2.3 What happens during Stage C of this cycle?

2.4 Indicate whether the following is input, output, or storage:

a. Typing a message to a friend on WhatsApp

b. Music that you listen to from your phone

c. Printing a file

d. Playing videos using your phone

e. Photos that you keep on your phone

UNIT
1.3   Computers and ICT

Computers are electronic devices that receive data, manipulate the data and then turn it into useful information, before storing it and/or sending it to someone, or somewhere, to be read or acted upon.

The following figure tries to explain how a computer works. You can see that the functions of a computer are similar to the stages of the information-processing cycle.

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Figure 1.4: General model of a computer

Looking at the figure, you will see that all basic computers consist of four functions:

1. Input

2. Storage

3. Processing

4. Output

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WHAT MAKES A COMPUTER A COMPUTER?

These four things are combined to make a computer work.

For a computer to function properly, it must consist of both hardware and software, which both depend on each other. Without software, the hardware of a computer will have no function and vice versa. Both of these concepts are discussed in detail in the chapters to follow; however, we will just briefly explain what each means.

  • Hardware: The physical components of a computer, also referred to as the equipment of a computer.
  • Software: More commonly known as apps (applications) or programs and consists of a list of instructions in a computer language that instructs the computer on what to do.

Examples of hardware devices consist of the following:

  • Keyboard and mouse used for input
  • Monitors, printers and speakers used for output
  • Hard drives and flash disks used for storage
  • Routers used for communication
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Figure 1.5: Computer hardware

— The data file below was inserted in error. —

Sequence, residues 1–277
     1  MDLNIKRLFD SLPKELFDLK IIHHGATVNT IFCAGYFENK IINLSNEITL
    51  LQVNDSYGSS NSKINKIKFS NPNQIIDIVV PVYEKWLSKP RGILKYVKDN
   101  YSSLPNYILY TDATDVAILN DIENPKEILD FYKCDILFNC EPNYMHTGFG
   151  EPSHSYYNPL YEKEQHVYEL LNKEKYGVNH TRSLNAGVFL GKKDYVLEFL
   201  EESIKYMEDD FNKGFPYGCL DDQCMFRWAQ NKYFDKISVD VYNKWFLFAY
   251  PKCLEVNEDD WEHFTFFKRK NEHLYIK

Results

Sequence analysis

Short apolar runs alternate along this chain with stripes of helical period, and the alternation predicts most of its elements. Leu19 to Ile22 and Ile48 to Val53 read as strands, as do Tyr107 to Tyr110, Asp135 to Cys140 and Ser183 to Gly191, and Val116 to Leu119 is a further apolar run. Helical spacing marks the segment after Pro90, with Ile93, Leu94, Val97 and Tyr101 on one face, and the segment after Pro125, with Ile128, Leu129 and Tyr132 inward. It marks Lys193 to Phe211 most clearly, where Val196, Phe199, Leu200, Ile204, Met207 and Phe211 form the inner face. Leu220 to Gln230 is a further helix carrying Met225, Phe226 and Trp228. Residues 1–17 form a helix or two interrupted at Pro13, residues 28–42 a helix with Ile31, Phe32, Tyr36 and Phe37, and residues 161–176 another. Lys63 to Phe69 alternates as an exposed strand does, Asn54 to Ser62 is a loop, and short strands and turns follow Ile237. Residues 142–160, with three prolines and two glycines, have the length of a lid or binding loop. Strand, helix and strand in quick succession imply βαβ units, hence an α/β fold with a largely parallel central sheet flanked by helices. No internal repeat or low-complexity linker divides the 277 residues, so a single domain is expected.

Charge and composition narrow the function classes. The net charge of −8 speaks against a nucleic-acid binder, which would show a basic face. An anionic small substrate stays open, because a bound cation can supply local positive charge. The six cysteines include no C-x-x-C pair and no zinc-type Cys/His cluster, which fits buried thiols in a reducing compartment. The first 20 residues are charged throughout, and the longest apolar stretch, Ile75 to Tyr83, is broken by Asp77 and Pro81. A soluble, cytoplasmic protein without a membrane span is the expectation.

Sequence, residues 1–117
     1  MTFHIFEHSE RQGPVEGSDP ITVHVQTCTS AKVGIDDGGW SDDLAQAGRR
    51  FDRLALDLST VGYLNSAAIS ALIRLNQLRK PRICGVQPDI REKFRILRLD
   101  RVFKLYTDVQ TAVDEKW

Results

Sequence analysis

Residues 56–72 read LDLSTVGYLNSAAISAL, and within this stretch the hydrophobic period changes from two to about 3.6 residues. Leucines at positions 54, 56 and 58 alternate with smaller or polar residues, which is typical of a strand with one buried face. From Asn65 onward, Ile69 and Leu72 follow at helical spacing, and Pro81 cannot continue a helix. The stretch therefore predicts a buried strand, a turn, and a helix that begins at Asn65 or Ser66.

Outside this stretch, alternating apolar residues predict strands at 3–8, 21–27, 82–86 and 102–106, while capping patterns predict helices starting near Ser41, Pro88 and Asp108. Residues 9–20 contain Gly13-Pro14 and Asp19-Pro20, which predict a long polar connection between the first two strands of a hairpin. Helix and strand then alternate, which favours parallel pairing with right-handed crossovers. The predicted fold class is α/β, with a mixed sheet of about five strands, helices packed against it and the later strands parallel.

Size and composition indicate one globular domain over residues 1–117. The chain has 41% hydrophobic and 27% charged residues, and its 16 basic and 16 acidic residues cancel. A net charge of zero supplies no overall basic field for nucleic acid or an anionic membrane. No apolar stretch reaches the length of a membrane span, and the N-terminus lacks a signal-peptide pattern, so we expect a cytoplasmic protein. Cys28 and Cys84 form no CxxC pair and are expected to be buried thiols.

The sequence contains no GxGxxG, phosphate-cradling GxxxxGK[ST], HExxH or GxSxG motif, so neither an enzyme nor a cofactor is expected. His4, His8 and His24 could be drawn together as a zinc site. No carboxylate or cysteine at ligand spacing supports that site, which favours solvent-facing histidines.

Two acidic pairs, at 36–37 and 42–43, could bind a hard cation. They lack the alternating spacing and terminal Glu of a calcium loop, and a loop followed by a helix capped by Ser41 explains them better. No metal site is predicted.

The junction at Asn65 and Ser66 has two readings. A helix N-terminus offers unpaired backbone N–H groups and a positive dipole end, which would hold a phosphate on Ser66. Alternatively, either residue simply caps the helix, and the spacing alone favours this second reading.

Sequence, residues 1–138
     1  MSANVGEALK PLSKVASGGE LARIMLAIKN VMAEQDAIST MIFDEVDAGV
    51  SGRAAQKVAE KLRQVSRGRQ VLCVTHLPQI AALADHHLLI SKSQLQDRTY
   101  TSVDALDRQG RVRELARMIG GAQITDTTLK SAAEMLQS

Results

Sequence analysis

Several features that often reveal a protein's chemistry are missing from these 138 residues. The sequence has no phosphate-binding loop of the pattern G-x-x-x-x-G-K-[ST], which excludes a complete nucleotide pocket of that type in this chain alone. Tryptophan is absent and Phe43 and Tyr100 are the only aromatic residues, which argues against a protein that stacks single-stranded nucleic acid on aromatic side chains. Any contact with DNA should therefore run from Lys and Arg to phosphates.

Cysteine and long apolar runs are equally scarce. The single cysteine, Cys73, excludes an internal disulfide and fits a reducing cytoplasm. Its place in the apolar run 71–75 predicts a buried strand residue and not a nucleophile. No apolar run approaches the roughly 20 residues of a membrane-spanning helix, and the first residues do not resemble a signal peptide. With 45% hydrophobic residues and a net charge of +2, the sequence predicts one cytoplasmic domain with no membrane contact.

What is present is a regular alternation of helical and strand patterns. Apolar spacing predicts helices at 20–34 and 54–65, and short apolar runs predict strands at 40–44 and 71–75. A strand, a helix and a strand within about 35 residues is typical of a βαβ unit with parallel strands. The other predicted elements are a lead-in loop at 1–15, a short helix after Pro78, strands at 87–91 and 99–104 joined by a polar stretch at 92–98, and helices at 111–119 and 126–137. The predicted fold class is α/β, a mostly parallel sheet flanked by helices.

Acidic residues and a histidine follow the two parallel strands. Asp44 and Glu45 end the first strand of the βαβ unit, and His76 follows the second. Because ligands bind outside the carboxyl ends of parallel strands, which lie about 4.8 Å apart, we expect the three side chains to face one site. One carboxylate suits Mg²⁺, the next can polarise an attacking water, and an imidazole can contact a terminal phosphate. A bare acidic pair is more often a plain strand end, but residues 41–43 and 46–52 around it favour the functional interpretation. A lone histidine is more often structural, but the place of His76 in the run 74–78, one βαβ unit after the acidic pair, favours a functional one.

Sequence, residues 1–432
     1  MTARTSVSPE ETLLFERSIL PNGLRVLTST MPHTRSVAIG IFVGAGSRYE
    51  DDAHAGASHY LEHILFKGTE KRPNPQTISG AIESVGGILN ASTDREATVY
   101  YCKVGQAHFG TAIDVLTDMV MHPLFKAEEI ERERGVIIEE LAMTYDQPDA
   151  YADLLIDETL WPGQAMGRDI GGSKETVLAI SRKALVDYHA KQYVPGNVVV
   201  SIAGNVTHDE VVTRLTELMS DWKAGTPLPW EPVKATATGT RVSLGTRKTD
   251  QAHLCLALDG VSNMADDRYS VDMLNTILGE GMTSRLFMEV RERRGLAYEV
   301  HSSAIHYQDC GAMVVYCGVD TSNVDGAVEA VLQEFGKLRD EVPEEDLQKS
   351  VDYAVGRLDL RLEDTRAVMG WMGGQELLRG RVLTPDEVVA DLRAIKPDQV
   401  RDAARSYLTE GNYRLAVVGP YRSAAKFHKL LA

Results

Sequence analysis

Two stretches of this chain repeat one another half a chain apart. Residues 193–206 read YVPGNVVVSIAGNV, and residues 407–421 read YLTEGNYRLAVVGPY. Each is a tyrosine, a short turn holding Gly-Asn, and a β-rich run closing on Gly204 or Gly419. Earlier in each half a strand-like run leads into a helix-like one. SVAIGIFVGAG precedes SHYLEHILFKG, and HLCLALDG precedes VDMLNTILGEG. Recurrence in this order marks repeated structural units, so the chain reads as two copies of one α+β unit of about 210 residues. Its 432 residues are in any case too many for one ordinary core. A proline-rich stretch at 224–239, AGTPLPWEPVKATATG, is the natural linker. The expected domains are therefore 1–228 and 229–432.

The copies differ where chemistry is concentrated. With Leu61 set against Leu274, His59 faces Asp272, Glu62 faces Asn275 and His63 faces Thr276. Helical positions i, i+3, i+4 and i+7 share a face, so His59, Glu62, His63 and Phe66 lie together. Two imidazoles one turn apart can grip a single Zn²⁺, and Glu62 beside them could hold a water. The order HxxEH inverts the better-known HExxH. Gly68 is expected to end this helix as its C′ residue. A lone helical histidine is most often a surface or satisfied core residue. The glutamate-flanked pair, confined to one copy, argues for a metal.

image   Activity 1.3

1. What is a computer?

2. Match each concept in Column A with the correct definition in Column B. Write only the number and the letter.

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3. Answer the questions based on the diagram below.

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3.1 Name the missing stages, as indicated by the letters below:

a. A:

b. B:

c. C:

3.2 List one example of each of the following:

a. Hardware

b. Software

3.3 Your teacher is busy printing out the term class reports. Which stage is this in the information-processing cycle?

4. Complete the following table and identify two hardware devices that your teacher will use for each of the missing stages. Motivate why she would use those specific devices.

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UNIT
1.4   Types of computers

As you know, computers are devices used to process information. There are several terms used to describe computers; most of these terms indicate the size and the capability of the computer. The two main categories of computers are:

1. Multi-purpose: These types of computers have an operating system that can run many applications at the same time. Some examples are devices, such as servers, laptops and smartphones.

2. Dedicated devices: These are devices that can only run one task. Some examples are ATMs and processors embedded in devices, such as refrigerators and motor cars.

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Figure 1.6: Different types of computers

MULTI-PURPOSE DEVICES

Table 1.3: Different types of general-purpose computers

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DEDICATED (EMBEDDED) DEVICES

Embedded devices are devices designed for a single purpose; whether that purpose is to wake you up in the morning, control the temperature of the air conditioning or help navigate. As such, these devices are usually excellent at their specific tasks, but they are also unable to do anything else. Embedded devices are designed to perform specific dedicated computing tasks. Examples of these devices are: